This robusta species natural from Kerehaklu Estate opens up with a rich fragrance of puffed rice, bubblegum, and hazelnut on the nose. An aroma of malted chocolate and mild dried fruit introduces a rich-bodied yet clean cup, with toasted sesame and a creaminess reminiscent of oat milk in the finish.
This dry processed robusta cultivar from Kerehaklu Estate is the first ever robusta species coffee purchased by Passenger, and represents our first year working with the impressive father and son duo of Ajoy and Pranoy Thipaiah at Kerehaklu Estate in Chikmagalur, India.
Some of the finest coffees being produced in India today come from the Chickmagalur region in the southwest state of Karnataka, where coffee was first planted in India in the 17th century. According to historical record, the sufi monk Baba Budan smuggled arabica coffee seeds to India from Yemen where, at the time, export of coffee was tightly controlled, with coffee only leaving Yemen in a roasted or boiled state so as to prevent propagation of the crop elsewhere. After successful cultivation, the hills that became home to the many flourishing coffee estates that emerged in the mountainous Western Ghats came to be eponymously known as the Bababudangiri. Introduction of robusta species to India came later, arriving at the close of the 19th century by way of the then Dutch colony of Java. While India is capable of producing high quality specialty arabica coffee, it remains the case that India is one of the largest producers of Robusta coffee in the world today.
The Kerehaklu Estate in Karnataka is run by father and son duo Ajoy and Pranoy Thipaiah, who’s combined knowledge of biology, agronomy, and agriculture comes together to create some of the most compelling coffees coming out of India that we’ve had the opportunity to taste. The lush Kerehaklu estate is home to dense old-growth forest that’s rich in biodiversity and supportive of arabica, robusta, and liberica species, as well as the occasional itinerant elephant or tiger.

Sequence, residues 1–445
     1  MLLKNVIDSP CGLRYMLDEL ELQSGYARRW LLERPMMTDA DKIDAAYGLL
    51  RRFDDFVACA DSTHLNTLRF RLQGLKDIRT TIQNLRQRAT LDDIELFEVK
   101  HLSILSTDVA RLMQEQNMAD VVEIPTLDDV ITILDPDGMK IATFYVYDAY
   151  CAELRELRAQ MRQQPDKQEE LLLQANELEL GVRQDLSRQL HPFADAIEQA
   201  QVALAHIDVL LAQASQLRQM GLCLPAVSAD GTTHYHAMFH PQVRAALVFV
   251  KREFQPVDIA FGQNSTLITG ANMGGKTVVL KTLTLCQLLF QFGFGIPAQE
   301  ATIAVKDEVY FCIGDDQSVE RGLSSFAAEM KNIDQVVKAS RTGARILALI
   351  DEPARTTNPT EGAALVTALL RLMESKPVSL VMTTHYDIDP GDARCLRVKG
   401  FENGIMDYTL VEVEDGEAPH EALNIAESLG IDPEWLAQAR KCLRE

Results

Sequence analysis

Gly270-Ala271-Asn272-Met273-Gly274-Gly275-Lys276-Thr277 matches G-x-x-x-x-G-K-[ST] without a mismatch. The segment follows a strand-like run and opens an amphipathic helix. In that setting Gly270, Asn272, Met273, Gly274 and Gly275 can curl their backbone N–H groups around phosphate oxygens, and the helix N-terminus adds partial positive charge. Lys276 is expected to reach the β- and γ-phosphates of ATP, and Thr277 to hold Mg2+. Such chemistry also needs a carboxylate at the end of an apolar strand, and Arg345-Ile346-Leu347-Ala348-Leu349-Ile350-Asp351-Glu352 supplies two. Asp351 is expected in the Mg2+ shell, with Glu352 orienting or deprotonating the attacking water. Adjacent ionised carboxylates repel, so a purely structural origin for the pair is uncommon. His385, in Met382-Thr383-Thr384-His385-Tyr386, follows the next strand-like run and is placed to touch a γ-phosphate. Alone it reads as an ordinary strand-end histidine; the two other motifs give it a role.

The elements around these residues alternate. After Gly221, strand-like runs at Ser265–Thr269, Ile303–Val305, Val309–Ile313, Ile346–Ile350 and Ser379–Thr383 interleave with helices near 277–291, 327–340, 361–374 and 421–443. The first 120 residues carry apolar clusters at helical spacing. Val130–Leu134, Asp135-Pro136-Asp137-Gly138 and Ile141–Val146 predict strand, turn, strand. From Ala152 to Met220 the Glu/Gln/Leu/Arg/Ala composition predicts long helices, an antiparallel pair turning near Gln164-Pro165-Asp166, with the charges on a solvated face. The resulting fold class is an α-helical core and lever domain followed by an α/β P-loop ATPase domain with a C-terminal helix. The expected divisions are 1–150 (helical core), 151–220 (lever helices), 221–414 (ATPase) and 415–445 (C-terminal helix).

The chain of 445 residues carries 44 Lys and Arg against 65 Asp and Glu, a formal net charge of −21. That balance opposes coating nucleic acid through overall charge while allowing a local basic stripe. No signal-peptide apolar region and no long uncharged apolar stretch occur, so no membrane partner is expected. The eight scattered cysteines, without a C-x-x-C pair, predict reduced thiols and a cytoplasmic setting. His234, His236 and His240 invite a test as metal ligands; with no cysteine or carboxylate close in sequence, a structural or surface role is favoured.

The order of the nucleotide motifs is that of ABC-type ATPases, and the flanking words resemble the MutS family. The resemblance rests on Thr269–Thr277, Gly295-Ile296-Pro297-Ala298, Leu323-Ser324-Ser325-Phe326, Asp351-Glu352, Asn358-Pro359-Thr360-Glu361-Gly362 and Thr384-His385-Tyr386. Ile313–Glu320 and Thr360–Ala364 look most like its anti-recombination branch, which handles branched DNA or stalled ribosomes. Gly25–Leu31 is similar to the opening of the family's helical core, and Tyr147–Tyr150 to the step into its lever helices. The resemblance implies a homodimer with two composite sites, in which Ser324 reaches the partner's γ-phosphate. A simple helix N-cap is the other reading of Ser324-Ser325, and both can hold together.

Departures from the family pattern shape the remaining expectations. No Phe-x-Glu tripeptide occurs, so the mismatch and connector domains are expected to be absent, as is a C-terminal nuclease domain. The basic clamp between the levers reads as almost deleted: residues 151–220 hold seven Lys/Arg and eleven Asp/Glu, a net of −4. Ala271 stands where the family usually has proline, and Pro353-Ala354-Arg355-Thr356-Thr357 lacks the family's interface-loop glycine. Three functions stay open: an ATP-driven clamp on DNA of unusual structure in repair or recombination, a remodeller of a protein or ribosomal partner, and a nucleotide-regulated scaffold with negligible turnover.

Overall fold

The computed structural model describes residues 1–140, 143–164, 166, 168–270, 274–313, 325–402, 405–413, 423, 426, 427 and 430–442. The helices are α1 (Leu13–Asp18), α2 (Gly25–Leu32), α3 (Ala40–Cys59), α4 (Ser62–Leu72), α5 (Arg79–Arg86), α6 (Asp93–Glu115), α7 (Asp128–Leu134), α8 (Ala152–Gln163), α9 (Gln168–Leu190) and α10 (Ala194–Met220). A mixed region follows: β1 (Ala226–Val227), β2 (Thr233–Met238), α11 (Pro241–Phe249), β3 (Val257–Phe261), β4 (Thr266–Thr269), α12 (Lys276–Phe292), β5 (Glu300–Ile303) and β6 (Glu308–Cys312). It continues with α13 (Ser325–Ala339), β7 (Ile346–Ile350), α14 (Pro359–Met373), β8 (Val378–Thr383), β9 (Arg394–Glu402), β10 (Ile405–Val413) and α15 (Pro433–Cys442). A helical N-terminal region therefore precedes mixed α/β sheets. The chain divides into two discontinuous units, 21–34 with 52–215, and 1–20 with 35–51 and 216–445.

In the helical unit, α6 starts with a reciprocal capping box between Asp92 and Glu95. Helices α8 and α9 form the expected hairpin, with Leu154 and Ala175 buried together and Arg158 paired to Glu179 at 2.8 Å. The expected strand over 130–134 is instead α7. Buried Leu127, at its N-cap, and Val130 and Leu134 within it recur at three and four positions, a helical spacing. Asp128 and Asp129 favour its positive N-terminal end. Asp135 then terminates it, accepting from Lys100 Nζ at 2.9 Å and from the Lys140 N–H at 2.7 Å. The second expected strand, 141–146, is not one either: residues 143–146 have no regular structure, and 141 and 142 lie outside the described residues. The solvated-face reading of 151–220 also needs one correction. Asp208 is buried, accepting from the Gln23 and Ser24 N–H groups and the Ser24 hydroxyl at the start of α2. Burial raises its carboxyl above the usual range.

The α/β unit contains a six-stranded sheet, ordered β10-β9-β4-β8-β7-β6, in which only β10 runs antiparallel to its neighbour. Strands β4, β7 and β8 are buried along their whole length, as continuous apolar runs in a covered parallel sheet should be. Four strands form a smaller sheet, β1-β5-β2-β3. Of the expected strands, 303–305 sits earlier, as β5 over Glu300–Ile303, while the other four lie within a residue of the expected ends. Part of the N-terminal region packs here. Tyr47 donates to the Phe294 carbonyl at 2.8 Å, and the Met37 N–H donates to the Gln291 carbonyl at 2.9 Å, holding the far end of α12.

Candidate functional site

This robusta selection is a cultivar known as CxR, which is one of a number of hybrid cultivars created at the Central Coffee Research Institute of India (CCRI) that includes genetics from two distinct species: Congensis (a species believed to be native to the Congo) and Robusta. The result is a compact plant capable of high density planting and yield potential, as well as improved cup quality and the ability to yield fruit in as little as 1-3 years. As is true of this robusta selection, Pranoy prefers to naturally process the majority of his robusta harvest, using an anoxic, or reduced oxygen, fermentation process. This particular lot was fermented in whole cherry in a reduced oxygen environment for 22 hours before being spread out to dry on raised beds inside the Thipiah’s impressive ventilated polyhouses.
For a more in-depth look into this coffee and Kerehaklu estate, head over to our Blog section to read selections from an interview we recently did with producer Pranoy Thipaiah